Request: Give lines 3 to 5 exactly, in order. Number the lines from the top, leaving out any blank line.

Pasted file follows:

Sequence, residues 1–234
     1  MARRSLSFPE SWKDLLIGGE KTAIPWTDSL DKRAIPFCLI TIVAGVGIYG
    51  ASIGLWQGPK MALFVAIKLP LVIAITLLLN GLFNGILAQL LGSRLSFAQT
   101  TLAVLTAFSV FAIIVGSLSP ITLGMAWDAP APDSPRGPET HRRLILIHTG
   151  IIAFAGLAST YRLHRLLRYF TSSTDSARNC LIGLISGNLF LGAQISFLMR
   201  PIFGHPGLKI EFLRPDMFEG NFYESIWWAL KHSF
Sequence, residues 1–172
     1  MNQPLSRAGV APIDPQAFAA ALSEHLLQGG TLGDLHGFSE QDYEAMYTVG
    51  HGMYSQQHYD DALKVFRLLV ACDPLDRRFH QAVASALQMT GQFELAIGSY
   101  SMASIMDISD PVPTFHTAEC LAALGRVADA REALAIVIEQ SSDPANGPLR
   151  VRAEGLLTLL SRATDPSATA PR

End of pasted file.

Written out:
    51  ASIGLWQGPK MALFVAIKLP LVIAITLLLN GLFNGILAQL LGSRLSFAQT
   101  TLAVLTAFSV FAIIVGSLSP ITLGMAWDAP APDSPRGPET HRRLILIHTG
   151  IIAFAGLAST YRLHRLLRYF TSSTDSARNC LIGLISGNLF LGAQISFLMR